“A very large bulk of standard, low-level work which is presently very expensive to process may be resolved without a formal court appearance or hearing,” Leveson said in summing up.

However, Leveson also warned that there were “elephant traps” to be aware of in adopting such a system. In particular, he pointed to a past history of failures in IT projects and also said that “some of [his] colleagues” may be reluctant to move away from paper files.

First Libor Manipulation Criminal Trial Begins

The first criminal trial relating to manipulation of Libor – an important interest rate – has begun. Tom Hayes (pictured), a former London trader with Citigroup and UBS, is facing trial in London for alleged manipulation of Libor rates.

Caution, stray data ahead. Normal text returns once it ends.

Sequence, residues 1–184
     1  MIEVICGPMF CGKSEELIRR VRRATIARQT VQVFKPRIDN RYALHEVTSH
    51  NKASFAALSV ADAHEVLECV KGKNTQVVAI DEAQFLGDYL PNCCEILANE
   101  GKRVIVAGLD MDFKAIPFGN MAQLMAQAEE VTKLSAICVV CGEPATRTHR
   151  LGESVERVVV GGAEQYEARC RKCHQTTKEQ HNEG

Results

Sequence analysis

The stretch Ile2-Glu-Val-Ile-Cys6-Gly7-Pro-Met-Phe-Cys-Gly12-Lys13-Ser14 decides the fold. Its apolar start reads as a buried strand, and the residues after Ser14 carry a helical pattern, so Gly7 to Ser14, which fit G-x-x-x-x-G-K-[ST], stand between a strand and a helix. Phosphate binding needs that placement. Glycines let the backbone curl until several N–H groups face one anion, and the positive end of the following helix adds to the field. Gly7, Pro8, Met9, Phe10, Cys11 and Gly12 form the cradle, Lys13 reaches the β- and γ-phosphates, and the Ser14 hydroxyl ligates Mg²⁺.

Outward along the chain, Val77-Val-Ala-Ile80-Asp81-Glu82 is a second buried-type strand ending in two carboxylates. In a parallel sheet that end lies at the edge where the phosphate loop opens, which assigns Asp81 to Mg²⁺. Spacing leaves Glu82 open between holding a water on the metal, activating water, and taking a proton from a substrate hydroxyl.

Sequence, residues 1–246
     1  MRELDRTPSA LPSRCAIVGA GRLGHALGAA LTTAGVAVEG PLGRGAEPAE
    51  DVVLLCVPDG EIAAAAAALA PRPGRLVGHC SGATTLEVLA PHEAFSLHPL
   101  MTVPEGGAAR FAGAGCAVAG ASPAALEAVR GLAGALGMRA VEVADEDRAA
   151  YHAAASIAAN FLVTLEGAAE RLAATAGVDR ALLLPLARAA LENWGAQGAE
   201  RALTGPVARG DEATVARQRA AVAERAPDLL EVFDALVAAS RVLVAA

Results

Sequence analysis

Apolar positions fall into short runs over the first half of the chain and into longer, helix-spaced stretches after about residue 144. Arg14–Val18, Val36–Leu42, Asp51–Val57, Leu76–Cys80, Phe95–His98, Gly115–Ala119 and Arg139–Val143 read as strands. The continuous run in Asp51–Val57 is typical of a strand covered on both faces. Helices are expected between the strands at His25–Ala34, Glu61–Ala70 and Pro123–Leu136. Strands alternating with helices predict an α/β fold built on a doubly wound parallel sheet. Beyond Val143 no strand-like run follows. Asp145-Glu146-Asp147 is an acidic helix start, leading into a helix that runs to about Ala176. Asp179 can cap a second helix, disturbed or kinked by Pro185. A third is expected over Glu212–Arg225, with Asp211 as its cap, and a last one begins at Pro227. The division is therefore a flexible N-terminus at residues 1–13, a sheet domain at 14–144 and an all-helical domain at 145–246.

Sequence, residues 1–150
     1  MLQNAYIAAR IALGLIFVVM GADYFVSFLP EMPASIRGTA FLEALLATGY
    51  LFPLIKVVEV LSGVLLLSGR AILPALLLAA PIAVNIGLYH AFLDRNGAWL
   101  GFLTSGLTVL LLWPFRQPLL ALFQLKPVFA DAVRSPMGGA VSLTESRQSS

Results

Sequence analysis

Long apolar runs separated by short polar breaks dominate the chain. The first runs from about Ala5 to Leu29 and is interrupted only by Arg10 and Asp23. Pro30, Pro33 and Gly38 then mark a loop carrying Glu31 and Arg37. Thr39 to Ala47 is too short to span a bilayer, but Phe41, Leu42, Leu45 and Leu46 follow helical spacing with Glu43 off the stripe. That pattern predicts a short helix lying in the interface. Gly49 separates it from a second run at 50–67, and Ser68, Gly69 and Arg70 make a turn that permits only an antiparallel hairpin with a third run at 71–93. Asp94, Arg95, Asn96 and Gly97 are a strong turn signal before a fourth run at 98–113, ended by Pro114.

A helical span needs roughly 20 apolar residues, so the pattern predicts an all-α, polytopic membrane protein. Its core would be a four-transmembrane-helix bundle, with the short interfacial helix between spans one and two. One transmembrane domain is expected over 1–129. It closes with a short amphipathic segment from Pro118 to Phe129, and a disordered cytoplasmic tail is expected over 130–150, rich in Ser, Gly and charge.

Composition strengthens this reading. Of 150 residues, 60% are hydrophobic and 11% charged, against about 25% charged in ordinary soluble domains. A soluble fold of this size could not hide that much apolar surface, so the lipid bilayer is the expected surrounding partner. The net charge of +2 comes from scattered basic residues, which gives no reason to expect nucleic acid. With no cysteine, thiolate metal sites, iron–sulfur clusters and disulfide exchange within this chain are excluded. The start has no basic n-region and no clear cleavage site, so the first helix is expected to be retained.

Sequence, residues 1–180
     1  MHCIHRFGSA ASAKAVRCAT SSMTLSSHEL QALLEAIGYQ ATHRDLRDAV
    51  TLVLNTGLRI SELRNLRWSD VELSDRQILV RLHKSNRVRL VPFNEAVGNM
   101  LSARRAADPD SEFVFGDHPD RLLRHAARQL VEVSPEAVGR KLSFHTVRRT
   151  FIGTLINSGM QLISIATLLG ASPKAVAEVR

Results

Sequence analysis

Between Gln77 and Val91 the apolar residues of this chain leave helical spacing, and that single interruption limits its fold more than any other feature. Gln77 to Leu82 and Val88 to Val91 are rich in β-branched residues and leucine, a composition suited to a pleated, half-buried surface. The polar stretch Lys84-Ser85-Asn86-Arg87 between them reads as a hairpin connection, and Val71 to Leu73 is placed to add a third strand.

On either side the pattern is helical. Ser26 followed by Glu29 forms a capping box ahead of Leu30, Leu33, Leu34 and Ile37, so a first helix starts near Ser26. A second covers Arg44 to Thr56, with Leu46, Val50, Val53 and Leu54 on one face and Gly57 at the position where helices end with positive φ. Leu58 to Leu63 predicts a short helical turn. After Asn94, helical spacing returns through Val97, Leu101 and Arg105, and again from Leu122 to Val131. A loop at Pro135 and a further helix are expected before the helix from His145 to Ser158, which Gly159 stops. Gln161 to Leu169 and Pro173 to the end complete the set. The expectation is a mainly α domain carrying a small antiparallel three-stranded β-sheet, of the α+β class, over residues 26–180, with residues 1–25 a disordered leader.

“Libor” stands for “London Interbank Offered Rate.” This is an interest rate used by banks not just in the UK but across the globe in order to price their financial products appropriately. Libor plays a key role in setting prices of many financial products, including some with multi-billion pound values.

Hayes is accused of trying to rig Libor rates for personal gain in what a “thoroughly dishonest and manipulative manner.” He is facing eight criminal charges, each for conspiracy to defraud, taking place at various dates between 2006 and 2010. It is claimed that he lied about the rates at which the banks he worked for were borrowing money. The incorrect data he provided went into the calculation used to set the Libor rate and affected the results. Having provided the faulty data, he was able to predict the effect it would have and take steps in order to profit. In the wake of the news that Hayes and others in the banking industry have been acting in such a way, the method through which Libor is calculated has been revised in order to eliminate this avenue of interference.